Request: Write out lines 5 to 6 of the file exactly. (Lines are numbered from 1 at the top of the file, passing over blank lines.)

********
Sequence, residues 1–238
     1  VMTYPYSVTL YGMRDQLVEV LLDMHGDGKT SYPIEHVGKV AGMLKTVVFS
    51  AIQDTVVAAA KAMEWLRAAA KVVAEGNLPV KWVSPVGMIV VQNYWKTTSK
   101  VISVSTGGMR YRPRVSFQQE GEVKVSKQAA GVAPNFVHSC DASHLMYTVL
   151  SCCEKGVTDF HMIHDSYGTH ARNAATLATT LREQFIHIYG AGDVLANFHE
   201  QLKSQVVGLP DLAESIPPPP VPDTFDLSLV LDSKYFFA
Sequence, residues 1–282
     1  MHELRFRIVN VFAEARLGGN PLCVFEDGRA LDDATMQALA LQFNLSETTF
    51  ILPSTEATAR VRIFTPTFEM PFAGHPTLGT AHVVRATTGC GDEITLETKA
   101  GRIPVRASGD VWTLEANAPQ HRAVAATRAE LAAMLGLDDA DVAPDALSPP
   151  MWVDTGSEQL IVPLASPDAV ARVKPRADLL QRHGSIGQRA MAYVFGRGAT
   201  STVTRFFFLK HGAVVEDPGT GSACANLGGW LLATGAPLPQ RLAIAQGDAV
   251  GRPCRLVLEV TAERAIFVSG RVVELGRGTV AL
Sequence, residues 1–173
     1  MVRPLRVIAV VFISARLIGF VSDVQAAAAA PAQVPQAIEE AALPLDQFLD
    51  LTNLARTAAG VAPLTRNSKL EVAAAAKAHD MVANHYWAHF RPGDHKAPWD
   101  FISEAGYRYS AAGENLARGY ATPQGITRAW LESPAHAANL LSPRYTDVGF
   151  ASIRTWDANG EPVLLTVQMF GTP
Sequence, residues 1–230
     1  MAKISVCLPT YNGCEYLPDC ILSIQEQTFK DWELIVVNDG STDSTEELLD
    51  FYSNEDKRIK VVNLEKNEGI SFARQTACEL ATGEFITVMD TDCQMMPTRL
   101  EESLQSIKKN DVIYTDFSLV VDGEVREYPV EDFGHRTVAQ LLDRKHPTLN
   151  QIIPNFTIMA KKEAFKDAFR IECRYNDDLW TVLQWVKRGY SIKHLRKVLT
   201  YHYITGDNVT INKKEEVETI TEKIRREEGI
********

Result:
   151  SCCEKGVTDF HMIHDSYGTH ARNAATLATT LREQFIHIYG AGDVLANFHE
   201  QLKSQVVGLP DLAESIPPPP VPDTFDLSLV LDSKYFFA